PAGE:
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99 Blazer Engine Hesitation
09-28-2003, 06:24 PM
I have 99 Blazer that when driving at pretty much any speed I feel a quick (split-second) hesitation. Doesn't seem to matter what weather conditions, terrain or temp I'm driving at. Any suggestions???
09-28-2003, 07:00 PM
Does this happen just once while you are driving or happens constantly?
Could be a secondary ignition misfire or a sensor internal fault.
10-02-2003, 01:25 PM
I have this same problem on a 2001 Bazer. Bought it used with just 38k. Didn't notice this until taking a long hwy drive.
It is almost an imperceptable hesitation, and only noticable at highway speeds, but very annoying and worrisome. I first discovered that it only happens when the airconditioning is on, but then discovered it happens when front defroster is blowing as well. Doesn't seem to happen when just the blower/vent was running. I haven't checked yet on heater. It happens with cruise control on or off.
It does not happen when the air/defrost etc is off. Anybody have any idea what this is?
11-02-2009, 10:18 PM
Many people don't think that the A/C is useful during winter, so many people get mad when you tell them that defrost uses the A/C- It uses it to remove the moisture in the vehicle (window fog), same as it does in summer (humidity), but doesn't run as long in winter due to cold temperatures. I also have an '01 blazer 2dr 4wd, which sets a code for secondary air injection pump (which I guarantee yours sets off). I do not understand what it is (lol), but I know the CEL flashes at speeds of 70mph+ w/ A/C (defroest) on. I have another code that keeps the check engine light on, so i only see it flash under your similar conditions, but my other code is a self check for the flapper valve for fueling the vehicle, so I can never get the tank 100% full; which BTW is caused by filling up while the engine stays running. I am listing this here, because I have hesitation with mine, which I have not scanned yet, but potentially might be the injectors (california there is a 200,000mile/10yr recall on those).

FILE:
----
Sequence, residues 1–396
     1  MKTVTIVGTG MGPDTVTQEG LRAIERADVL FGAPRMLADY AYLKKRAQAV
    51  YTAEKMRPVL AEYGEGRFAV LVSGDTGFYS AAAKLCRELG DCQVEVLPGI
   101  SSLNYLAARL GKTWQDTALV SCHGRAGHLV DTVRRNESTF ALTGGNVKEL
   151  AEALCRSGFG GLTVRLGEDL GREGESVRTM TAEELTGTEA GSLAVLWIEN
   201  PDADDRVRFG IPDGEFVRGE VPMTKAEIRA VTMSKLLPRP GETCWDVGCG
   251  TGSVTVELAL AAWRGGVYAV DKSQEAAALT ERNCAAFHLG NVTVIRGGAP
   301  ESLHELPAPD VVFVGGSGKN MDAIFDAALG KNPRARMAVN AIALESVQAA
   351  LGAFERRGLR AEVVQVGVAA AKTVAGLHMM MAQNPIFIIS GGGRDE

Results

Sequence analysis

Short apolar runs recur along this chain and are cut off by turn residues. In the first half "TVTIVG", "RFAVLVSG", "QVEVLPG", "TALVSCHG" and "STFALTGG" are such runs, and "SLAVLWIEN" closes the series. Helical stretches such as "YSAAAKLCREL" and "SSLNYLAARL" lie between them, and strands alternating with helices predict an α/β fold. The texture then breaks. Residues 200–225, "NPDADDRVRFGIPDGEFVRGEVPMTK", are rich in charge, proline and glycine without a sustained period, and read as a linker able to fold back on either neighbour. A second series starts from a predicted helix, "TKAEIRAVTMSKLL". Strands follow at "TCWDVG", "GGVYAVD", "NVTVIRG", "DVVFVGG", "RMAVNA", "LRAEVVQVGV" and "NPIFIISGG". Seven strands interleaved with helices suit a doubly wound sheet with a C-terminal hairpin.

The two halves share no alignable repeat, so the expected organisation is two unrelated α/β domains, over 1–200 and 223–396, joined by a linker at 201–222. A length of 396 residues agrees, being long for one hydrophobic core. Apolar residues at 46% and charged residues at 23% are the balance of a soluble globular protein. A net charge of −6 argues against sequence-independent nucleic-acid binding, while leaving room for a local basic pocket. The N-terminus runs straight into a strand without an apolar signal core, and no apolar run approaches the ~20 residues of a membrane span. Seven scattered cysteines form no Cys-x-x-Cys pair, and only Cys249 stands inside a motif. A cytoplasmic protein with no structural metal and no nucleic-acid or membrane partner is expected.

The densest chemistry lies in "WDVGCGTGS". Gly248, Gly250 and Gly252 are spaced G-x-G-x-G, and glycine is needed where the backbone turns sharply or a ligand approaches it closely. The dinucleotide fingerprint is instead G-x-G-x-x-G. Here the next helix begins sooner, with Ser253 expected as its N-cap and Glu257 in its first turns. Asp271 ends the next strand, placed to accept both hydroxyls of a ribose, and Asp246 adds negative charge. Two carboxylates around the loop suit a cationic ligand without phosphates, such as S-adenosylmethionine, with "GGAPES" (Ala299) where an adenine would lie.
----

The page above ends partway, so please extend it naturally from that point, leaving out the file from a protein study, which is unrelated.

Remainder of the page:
11-02-2009, 10:24 PM
Straight from Alldata- wish I had Mitchell On Demand!
Bulletin No.: 04-06-04-015A
Some customers may comment on the SES/MIL (http://www.alldatapro.com/alldata/PRO~V141443943~C37372~R0~OD~N/0/80851247/83211660/92728067/92728069/34853741/34857029/34857030/34857480) light being illuminated. Upon investigation, the technician may find a DTC P0410 indicating that there is a concern in the secondary air injection system.
Water may have collected in the AIR pump or the vent solenoid and frozen or corroded the pump.
Replace the AIR pump and install a new inlet hose and solenoid tube assembly using the following procedure:
Raise the vehicle on a hoist.
Remove the shield covering the AIR pump.
Remove the hose and vacuum lines from the pump and solenoid.
Remove the AIR pump inlet hose. Do not re-use the hose.
Disconnect the electrical connectors from the pump and solenoid.
Remove the pump mounting bolts and pump.
Transfer the isolators from the old pump to the new pump.
Install the new AIR pump and bolts to the vehicle.
Tighten the bolts to 17 N.m (12.5 lb ft).
Route the new hose assembly up between the engine and fender. The hose should come up near the area between the battery and the coolant bottle.
Connect the new inlet hose to the pump inlet.
Connect the old outlet hose to the pump outlet.
Connect the electrical connector to the pump.
Connect the electrical connector for the solenoid to the connector on the new hose assembly.
Connect the hose with the white nipple to the vacuum source hose.
Connect the remaining hose to the shut off valve.
Install the shield covering the AIR pump.
Lower the vehicle.
Remove the coolant reservoir nut nearest the battery.
Route the new hose assembly between the battery and the coolant reservoir with the solenoid on top.
Install the solenoid bracket onto the coolant reservoir stud and reinstall the nut back into the vehicle.
Use a wire tie to keep the new hose assembly away from the engine. On four cylinder engines, tie to the AIR outlet hose. On six cylinder engines, tie to an available hole in the radiator fan shroud.
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